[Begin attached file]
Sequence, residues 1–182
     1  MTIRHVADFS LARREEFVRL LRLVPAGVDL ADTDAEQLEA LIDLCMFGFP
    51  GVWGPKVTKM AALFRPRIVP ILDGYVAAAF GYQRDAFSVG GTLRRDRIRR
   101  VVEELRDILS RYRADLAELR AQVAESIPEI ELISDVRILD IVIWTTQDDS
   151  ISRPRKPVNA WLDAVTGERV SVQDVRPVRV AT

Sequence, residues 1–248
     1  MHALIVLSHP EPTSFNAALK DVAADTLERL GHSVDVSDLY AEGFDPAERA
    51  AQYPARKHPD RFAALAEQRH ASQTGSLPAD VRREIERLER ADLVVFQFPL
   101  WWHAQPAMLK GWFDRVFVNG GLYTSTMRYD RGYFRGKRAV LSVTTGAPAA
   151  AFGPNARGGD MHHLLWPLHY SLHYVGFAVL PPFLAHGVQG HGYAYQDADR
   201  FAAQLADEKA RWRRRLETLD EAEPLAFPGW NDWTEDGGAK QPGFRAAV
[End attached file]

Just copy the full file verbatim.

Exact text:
Sequence, residues 1–182
     1  MTIRHVADFS LARREEFVRL LRLVPAGVDL ADTDAEQLEA LIDLCMFGFP
    51  GVWGPKVTKM AALFRPRIVP ILDGYVAAAF GYQRDAFSVG GTLRRDRIRR
   101  VVEELRDILS RYRADLAELR AQVAESIPEI ELISDVRILD IVIWTTQDDS
   151  ISRPRKPVNA WLDAVTGERV SVQDVRPVRV AT

Sequence, residues 1–248
     1  MHALIVLSHP EPTSFNAALK DVAADTLERL GHSVDVSDLY AEGFDPAERA
    51  AQYPARKHPD RFAALAEQRH ASQTGSLPAD VRREIERLER ADLVVFQFPL
   101  WWHAQPAMLK GWFDRVFVNG GLYTSTMRYD RGYFRGKRAV LSVTTGAPAA
   151  AFGPNARGGD MHHLLWPLHY SLHYVGFAVL PPFLAHGVQG HGYAYQDADR
   201  FAAQLADEKA RWRRRLETLD EAEPLAFPGW NDWTEDGGAK QPGFRAAV